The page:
The Film Fix: Review of Aladdin, plus selects from Netflix, Amazon, Hulu, HBO


By Jonathan W. Hickman, The Film Fix

Below are reviews of both big-screen and streaming options fans will have this month.


Aladdin – Fix Rating 6/10
A wacky Will Smith and winning musical numbers keep this remake flying.

It sure ain’t “Dumbo.” Disney’s live-action adaptations of its classic animated catalogue hit a low point with Tim Burton’s flying elephant story released in March.  But take heart, “Aladdin” is much better.

The 1992 “Aladdin” was a huge hit and won Oscars for best song, “A Whole New World,” and for its original score.  Thankfully, the classic music that worked so well with hand-drawn animation is preserved in director Guy Ritchie’s enthusiastic and reverent retread.  The script, written by John August and Ritchie, loses its momentum with the perfunctory action-packed conclusion, but the musical moments are wonderful.

The story has thief Aladdin (Mena Massoud) falling in love with princess Jasmine (Naomi Scott), while attempting to save the kingdom from the evil Jafar (Marwan Kensari).  And, of course, Aladdin gets help from a kind genie (Will Smith). The cast is solid, as the lead couple has the right, youthful, romantic chemistry. Scott’s singing voice is a real standout.  “Speechless” is a recurring tune, and Scott passionately delivers the “I won’t be silenced” lyric at a time when that line has special meaning.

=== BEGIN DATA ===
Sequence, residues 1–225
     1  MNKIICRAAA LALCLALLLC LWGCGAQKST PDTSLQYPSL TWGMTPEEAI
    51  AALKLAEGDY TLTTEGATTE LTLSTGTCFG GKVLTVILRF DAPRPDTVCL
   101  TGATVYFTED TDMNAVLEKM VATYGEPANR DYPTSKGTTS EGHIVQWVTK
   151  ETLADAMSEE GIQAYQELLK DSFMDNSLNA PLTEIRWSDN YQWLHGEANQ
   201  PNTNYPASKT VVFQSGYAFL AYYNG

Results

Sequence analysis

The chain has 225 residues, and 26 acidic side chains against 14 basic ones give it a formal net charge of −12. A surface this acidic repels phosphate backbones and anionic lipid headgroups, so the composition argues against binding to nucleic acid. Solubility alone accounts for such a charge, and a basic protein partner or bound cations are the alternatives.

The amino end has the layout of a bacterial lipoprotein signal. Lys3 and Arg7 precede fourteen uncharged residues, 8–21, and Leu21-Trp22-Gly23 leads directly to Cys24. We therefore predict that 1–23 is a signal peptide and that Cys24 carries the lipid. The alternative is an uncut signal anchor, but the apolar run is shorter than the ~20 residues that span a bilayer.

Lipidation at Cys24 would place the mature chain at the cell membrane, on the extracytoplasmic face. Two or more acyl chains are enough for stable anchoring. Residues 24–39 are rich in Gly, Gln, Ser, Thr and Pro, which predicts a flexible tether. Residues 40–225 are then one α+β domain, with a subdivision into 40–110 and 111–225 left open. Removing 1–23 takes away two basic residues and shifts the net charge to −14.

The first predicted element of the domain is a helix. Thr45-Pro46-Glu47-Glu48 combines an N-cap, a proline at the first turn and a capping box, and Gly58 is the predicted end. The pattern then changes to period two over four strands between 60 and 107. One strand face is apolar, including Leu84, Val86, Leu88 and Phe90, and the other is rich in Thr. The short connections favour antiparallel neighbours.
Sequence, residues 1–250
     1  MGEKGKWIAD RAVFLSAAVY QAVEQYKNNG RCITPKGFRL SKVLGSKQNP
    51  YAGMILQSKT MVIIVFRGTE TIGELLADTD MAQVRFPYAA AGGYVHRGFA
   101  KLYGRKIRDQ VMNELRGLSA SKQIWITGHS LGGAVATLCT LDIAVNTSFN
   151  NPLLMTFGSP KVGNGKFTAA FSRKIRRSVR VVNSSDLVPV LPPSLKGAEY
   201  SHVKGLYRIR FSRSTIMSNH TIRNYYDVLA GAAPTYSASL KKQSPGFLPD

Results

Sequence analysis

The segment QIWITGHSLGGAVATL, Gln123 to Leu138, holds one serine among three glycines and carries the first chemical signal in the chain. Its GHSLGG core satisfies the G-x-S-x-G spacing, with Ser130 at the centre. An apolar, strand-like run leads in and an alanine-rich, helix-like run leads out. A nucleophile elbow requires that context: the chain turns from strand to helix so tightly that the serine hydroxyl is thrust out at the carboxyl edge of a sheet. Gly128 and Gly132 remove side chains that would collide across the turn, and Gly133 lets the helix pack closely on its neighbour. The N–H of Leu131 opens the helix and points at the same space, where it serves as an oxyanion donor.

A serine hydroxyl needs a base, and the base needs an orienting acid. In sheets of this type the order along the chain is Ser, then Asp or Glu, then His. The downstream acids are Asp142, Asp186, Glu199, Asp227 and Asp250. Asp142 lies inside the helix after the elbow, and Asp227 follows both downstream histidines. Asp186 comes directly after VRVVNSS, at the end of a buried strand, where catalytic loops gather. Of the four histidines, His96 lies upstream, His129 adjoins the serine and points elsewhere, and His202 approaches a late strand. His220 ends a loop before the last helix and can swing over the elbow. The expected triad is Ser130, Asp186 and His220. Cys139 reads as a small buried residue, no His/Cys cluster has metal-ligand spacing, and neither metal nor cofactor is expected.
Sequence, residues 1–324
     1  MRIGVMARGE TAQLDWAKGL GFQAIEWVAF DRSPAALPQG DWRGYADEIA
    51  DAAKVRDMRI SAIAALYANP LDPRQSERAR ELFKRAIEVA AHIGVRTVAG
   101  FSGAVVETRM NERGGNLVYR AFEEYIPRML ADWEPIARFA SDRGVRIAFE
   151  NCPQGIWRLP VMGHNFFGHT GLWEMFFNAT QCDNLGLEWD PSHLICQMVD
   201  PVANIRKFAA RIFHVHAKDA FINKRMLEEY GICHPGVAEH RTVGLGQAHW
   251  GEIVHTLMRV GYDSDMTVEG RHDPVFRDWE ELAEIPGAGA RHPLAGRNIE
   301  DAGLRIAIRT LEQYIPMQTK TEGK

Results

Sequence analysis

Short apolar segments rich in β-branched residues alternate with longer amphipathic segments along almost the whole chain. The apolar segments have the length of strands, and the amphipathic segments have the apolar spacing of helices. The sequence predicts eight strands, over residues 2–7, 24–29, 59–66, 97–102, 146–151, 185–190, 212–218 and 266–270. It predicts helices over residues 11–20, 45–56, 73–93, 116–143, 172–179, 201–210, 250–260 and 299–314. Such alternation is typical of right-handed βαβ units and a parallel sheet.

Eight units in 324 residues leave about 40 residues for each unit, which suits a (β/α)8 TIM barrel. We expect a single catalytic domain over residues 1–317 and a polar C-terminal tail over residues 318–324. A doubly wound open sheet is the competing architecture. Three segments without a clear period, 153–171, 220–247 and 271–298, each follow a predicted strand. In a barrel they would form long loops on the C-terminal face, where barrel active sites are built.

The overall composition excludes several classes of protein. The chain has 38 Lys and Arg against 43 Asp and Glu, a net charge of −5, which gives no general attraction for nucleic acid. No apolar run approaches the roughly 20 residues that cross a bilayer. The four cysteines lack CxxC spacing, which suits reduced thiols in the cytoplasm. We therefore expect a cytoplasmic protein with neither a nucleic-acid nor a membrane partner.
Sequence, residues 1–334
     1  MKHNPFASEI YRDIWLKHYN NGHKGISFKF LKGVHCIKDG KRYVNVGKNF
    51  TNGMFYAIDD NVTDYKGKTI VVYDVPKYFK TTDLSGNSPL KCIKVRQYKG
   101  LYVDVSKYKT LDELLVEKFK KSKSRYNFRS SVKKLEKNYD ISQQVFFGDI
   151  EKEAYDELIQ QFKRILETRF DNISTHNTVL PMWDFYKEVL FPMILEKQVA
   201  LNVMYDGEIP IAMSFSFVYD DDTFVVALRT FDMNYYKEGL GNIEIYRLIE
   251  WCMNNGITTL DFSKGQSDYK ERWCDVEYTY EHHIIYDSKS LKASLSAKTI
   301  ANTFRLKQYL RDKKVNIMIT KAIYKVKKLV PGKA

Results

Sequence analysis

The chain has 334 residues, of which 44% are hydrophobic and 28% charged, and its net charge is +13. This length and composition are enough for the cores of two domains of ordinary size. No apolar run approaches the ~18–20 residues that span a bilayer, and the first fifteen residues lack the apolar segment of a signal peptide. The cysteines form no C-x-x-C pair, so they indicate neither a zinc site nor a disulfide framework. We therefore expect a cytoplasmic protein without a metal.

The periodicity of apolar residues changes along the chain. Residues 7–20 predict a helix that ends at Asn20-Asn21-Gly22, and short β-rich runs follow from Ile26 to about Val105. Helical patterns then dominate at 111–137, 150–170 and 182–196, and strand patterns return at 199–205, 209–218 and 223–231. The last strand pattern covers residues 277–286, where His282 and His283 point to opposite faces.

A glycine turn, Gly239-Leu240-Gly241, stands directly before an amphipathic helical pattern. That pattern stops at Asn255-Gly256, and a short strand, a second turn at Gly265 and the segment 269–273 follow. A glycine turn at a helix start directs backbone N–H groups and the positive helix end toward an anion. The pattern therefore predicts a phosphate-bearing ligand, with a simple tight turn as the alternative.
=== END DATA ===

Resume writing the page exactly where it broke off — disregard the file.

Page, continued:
The effects that morph Smith into the genie are uneven, but clearly cognizant of this problem, throughout much of the film, the production has Smith appear in his normal form with his real skin tone intact.  He’s charming in the role made famous by the late Robin Williams. And Smith’s often freakish appearance and flamboyant attitude are reminiscent of Williams’ iconic performance. For the most part, Smith makes the part his own, while not insulting the master who first brought it to the screen.

Regardless of the mediocre story that trades on the goodwill that came before it, “Aladdin (2019)” has joyous moments, and for young viewers should be, at times, delightful family entertainment.



What to binge: Black Mirror: Season 5 (June 5) – After last year’s choose-your-own-adventure “Black Mirror: Bandersnatch,” we get an entire new season of the science fiction anthology series that is always utterly bingeable.  And while the fight over Chooseco’s trademark weaves its way through the courts, you can still watch the stories the old fashioned way, well, on continuous play.

What movie to watch: Spider-Man: Into the Spider-Verse (June 26) Fix Rating 9/10 – This Oscar winner for best animated feature is a joyous and super-saturated superhero celebration.  The movie comes from the pen of Phil Lord, the writer who helped bring Lego toys fabulously to the big screen. His complex script is an innovative combination of the various incarnations of characters inspired by Peter Parker and his wall-crawling alter ego created originally by the late Stan Lee. “Spider-Man: Into the Spider-Verse” is flat-out terrific and should bring a tear to the eye of anyone who grew up immersed in all things Spidey.

What to avoid: The Zookeeper (June 26) – This 2011 Kevin James vehicle is pretty awful.  The story involves a dutiful, but lonely, zookeeper (James), who woos a woman (Rosario Dawson) with the assistance of talking animals.  Avoid!